The PLC Interviews A.S. King

A.S. King’s newest YA novel, Everybody Sees the Ants (Little, Brown October 2011) is a Junior Library Guild selection, has received several starred reviews, and has been called “a subtly written, profoundly honest novel” by Booklist. Her 2010 YA novel, Please Ignore Vera Dietz was a Michael L. Printz Honor Book, an Edgar Award Nominee, a Kirkus Reviews Best Book for Teens 2010, a Junior Library Guild selection and a YALSA Best Fiction for Young Adults pick. Her first YA novel, The Dust of 100 Dogs, was an ALA Best Book for Young Adults, an Indie Next pick and a Cybil award finalist. Her short fiction for adults has been widely published and was nominated for Best New American Voices 2010. Amy now lives in Pennsylvania with her husband and children and is a huge fan of Kurt Vonnegut, corn on the cob, nice weather, libraries, her community swimming pool, and fleece socks.

We are thrilled to have her as our guest author today at the PLC.

PLC: First of all, congratulations on your latest book, EVERYBODY SEES THE ANTS. Can you tell us about your inspiration for the book?

AMY: Thank you! I’m very proud of the book. It was inspired by two things unfolding in my head (and in a character) at the same time. First, the realities of being the family of a still-missing POW soldier from the Vietnam era. When Lucky Linderman, our main character, first spoke to me, he spoke of the hole in his family that was caused by this missing person  (his grandfather) and by the emotional absence of his father due to this situation. Then, as I started to write Lucky in his everyday life, I saw that he had been brutally bullied from the age of seven and none of the adults in his life were doing anything about it. It seemed to mirror the POW/MIA situation that I’d researched so deeply and there’s your inspiration right there.

Did writing ANTS teach you anything new about yourself as a writer, or about the writing process?

I guess every book teaches me something new. This one reaffirmed that I should follow my gut no matter how odd the path. It also reaffirmed that sometimes, for a story to be right, you have to change large things inside of it. In the first draft and many subsequent drafts, the reason for going to Arizona was different, and I am so glad my editor (and agent) made me rethink that because I love what replaced it. I think when it comes to new things, this book taught me some stuff about the business. Mainly, this: just because one person says a book isn’t worthy doesn’t mean others will think the same.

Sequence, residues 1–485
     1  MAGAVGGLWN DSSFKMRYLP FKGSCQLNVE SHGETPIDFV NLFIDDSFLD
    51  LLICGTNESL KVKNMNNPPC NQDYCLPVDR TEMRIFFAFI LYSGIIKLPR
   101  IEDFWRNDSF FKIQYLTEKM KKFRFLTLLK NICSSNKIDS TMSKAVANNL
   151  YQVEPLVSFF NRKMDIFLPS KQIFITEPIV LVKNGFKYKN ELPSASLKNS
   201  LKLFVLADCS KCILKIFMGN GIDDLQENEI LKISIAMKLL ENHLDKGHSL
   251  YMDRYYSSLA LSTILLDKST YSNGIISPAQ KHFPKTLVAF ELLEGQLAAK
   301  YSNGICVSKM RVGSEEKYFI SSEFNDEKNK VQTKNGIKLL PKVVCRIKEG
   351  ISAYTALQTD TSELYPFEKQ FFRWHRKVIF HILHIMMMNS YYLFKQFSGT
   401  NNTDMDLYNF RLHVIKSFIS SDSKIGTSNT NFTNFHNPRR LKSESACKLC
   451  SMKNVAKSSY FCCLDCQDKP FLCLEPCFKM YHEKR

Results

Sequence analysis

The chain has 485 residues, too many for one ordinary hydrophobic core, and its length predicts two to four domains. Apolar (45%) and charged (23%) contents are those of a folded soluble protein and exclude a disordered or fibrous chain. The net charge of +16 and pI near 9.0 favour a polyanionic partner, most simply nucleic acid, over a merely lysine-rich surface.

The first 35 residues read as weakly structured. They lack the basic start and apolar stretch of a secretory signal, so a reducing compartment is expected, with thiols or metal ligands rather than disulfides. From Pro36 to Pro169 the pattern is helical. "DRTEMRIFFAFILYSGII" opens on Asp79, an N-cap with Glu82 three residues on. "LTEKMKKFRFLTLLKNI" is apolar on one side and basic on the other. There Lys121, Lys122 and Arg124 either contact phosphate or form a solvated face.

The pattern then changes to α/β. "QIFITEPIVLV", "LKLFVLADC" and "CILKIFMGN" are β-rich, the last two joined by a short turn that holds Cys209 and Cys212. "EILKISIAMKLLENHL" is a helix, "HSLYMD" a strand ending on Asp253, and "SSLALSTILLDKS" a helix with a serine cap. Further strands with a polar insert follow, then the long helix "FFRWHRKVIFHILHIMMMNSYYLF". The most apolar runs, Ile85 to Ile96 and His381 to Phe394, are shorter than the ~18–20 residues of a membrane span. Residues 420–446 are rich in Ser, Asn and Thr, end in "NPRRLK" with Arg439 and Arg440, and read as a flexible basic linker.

Congratulations, also, on the Printz Honor you received for PLEASE IGNORE VERA DIETZ. How has winning this honor impacted you as an author?

Thank you! I’m still buzzing from it! I’m not sure how it’s impacted me as an author. I’m still stubbornly realistic when it comes to selling the next book. Awards are not sales numbers. <— I repeat. Awards are not sales numbers. So I still write books and cross my fingers and hope they will find homes. I do not take anything for granted. That said, some people who know what the Printz Honor is now show me a bit more respect…whereas before I was just some hack who “wrote children’s books.” Most of all, it’s affected my time. I’m now asked to endorse more books, to go more places and to participate more in the school and library arena, which is probably my favorite part of this whole journey (except the actual writing) because it means I get to impact teenagers and give them that in-person positive boost. I live for that.

You and your husband used to be farmers in Ireland. Have you found any similarities between farm work and writing work?

Well, we weren’t farmer farmers. I lived next to farmer farmers and that’s the hardest work you’ll ever do, I think. But we were self-sufficient granola freaks who lived off our own food. But yes. There are HUGE similarities between farming and writing. I wrote a blog about this called Chickens and Writing: A Love Story. One of the biggest advantages of having lived that sort of life before finally achieving my publishing goals was learning how to live on nearly nothing. As a writer, even if you’re paid enough to get you through a year, it comes in weird chunks and at odd times, so you have to know how to budget and be really smart with money. That was also true for the granola freak part of my life.

Do you ever encounter writing slumps or slow times? How do you deal with off days? Do your magic writing pants help?

My magical writing pants always help. I don’t so much have slump times, but there are times when I am so busy doing the business and promo side of this that I don’t have time for the writing side and those are the days when I am most cranky. Mr. King will tell you: if the kids are in bed and it’s just too late to write, I say things like, “Damn,  wish I would have got at least 500 words in today. It would have only taken me 15 minutes.” I don’t usually have dry times because I’m a book ahead in my brain. At the moment, I have two characters duking it out for the 2014 spot, and I’m working on the 2013 book.

What will we be seeing from you in the near future? Any announcements to share?

I have ASK THE PASSENGERS coming in Fall 2012 from Little, Brown. It’s a story about Astrid Jones, a high school senior who sends her love to the passengers flying in the airplanes overhead because she can’t seem to find a place for it on Earth. It’s a book about small town gossip, less-than-affectionate family life and Socrates. And love.

Thank you for your time, Amy. And congratulations again on your continued success!

Thank you for your support and for having me to the blog! Best of luck with everything and see you next year when I come back to Arizona for the usual festivities!